Jose Fernandez Reuniting With His Grandmother Will Make You Cry Into Your Coffee

The Miami Marlins' young pitching phenom, Jose Fernandez, was named the 2013 National League Rookie of the Year, taking 26 of 30 first-place votes and beating out Yasiel Puig of the Dodgers.

Fernandez, 21, was the lone bright spot in an otherwise dismal and crappy year for the Marlins, who finished the season with a 2.19 ERA, 176 ERA+, 0.98 WHIP and 3.22 K/BB in 177 2/3 innings. (In layman's terms: THAT'S PRETTAY BADASS).

And while the humble Fernandez is excited to have so much success so soon into his career, none of that compares to being reunited with his beloved grandmother, which Marlins officials were able to put together — without his knowledge.

Fernandez defected from Cuba with his mother at age 15. At one point during the harrowing journey, he jumped into the ocean to save someone who had fallen overboard. Turns out, that someone was his own mother.

Like so many Cubans, they left family behind, including Jose's beloved grandmother.

But the Marlins were able to pull strings and bring her to the U.S. and surprise Jose.

Unaware that she was in the same building, the Marlins sat Jose to interview him about his grandmother and what she means to him.

He talks of his love for her, of how he plays in her honor, and he shows off a tattoo with her name. When asked what she might say if she were here now, Jose sullenly replies, "I don't think she would be here."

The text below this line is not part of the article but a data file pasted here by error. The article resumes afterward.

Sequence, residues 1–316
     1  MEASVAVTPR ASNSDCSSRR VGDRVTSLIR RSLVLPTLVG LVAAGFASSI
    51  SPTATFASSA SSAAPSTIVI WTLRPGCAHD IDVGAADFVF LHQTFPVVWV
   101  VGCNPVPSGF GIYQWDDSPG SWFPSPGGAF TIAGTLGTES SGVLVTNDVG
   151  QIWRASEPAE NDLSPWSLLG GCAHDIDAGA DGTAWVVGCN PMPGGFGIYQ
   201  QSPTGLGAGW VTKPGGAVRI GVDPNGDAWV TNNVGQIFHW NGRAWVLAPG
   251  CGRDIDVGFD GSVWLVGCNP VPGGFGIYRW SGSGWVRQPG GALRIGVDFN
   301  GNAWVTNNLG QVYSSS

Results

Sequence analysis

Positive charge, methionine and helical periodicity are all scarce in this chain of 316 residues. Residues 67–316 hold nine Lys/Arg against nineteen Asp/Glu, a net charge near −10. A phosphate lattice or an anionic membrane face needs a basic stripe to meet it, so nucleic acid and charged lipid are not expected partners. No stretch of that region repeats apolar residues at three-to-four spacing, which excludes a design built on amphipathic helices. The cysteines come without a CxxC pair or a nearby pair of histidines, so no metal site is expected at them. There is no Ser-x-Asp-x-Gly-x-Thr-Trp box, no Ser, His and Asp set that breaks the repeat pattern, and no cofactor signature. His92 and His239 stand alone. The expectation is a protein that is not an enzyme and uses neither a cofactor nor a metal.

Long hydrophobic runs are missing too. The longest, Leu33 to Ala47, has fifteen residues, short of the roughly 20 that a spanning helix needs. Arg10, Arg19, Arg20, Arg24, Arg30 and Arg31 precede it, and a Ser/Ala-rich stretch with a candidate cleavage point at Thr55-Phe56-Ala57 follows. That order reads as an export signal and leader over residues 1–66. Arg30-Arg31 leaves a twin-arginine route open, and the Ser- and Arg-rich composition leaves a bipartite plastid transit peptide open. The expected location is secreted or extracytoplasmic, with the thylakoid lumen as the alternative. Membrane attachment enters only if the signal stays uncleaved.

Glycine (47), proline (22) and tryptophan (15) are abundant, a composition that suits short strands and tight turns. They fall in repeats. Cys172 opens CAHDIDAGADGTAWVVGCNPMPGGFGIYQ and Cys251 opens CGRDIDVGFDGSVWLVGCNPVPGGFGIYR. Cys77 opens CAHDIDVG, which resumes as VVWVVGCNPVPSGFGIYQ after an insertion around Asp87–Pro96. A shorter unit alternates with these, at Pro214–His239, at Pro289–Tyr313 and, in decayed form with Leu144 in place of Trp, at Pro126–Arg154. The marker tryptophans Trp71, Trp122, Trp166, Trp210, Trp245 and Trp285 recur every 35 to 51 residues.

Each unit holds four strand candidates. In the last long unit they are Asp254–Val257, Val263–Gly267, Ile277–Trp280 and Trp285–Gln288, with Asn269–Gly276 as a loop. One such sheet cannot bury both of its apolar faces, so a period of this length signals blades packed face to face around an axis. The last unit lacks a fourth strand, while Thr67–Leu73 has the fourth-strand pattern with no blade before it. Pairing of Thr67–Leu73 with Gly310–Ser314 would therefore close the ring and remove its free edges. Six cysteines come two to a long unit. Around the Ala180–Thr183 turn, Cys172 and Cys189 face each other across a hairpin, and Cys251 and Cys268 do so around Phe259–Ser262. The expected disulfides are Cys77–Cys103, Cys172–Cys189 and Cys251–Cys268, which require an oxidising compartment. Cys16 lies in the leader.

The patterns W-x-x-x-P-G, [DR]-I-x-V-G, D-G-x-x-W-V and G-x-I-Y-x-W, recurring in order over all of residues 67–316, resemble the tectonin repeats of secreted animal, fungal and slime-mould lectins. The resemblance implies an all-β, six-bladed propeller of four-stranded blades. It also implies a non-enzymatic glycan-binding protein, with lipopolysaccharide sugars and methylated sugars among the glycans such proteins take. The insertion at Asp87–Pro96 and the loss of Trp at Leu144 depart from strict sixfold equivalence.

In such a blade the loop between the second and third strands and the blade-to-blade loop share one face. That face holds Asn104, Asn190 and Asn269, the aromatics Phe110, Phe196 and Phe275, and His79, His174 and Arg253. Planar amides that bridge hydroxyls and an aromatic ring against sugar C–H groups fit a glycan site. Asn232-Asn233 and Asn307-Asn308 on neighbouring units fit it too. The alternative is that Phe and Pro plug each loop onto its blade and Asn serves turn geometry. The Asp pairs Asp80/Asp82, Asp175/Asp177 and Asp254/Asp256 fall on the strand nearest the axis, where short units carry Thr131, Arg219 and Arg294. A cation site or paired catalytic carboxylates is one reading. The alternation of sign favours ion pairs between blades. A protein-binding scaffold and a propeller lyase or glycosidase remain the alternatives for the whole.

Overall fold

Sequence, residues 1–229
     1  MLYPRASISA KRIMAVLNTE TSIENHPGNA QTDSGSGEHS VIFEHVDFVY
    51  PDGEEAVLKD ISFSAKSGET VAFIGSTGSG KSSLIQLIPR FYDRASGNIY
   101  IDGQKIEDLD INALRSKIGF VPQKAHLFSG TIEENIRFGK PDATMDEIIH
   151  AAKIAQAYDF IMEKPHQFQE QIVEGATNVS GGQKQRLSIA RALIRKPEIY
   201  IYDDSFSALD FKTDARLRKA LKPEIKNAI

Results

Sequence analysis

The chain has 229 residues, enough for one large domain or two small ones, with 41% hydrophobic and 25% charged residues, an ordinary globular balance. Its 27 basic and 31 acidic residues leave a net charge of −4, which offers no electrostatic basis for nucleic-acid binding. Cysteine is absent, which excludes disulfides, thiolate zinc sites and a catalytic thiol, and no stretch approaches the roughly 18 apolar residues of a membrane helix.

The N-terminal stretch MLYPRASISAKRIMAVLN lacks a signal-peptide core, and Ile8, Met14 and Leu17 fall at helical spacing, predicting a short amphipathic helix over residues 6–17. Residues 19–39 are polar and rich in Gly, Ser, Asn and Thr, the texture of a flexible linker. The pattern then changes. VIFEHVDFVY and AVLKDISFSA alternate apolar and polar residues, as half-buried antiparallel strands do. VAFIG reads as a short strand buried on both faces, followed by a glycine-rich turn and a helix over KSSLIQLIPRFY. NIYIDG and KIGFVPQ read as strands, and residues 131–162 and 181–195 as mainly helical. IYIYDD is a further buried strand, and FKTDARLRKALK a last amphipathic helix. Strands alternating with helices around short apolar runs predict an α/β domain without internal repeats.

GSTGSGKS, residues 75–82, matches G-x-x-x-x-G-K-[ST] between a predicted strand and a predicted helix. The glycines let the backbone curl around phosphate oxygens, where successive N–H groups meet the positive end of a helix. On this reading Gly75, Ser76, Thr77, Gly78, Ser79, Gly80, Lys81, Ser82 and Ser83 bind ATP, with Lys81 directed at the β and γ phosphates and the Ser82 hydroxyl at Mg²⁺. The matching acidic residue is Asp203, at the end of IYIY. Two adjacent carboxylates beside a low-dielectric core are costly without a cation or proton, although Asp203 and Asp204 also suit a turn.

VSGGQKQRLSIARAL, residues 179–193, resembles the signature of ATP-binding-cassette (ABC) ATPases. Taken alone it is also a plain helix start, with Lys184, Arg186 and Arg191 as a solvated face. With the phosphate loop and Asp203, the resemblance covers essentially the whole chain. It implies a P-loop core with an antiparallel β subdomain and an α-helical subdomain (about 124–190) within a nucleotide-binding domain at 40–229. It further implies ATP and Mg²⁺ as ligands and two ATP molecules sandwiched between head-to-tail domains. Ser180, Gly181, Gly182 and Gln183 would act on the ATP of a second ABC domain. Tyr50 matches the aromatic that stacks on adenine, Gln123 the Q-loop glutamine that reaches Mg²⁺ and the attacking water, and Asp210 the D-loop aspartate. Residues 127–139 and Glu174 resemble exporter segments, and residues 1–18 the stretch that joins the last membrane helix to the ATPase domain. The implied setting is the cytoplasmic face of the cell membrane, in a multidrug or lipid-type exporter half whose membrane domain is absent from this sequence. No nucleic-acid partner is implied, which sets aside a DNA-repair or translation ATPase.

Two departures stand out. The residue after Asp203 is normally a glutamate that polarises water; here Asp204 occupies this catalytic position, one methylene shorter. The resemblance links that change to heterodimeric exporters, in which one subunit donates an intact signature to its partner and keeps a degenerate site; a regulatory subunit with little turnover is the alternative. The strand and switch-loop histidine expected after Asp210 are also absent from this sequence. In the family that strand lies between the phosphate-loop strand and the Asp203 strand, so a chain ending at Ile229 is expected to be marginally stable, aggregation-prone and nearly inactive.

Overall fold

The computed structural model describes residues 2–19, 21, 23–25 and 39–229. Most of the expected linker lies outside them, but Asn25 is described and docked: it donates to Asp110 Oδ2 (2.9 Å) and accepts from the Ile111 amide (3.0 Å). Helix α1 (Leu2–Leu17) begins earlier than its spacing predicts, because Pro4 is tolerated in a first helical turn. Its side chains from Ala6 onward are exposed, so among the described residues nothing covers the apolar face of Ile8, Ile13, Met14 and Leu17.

And then the door swings open, and in walks abuela. And... well... you can watch to see what happens next in the video below.

Try not to cry too loudly in your cubicle.

Also, Brian McCann can suck it!

KEEP NEW TIMES BROWARD-PALM BEACH FREE... Since we started New Times Broward-Palm Beach, it has been defined as the free, independent voice of South Florida, and we'd like to keep it that way. With local media under siege, it's more important than ever for us to rally support behind funding our local journalism. You can help by participating in our "I Support" program, allowing us to keep offering readers access to our incisive coverage of local news, food and culture with no paywalls.
Chris Joseph
Contact: Chris Joseph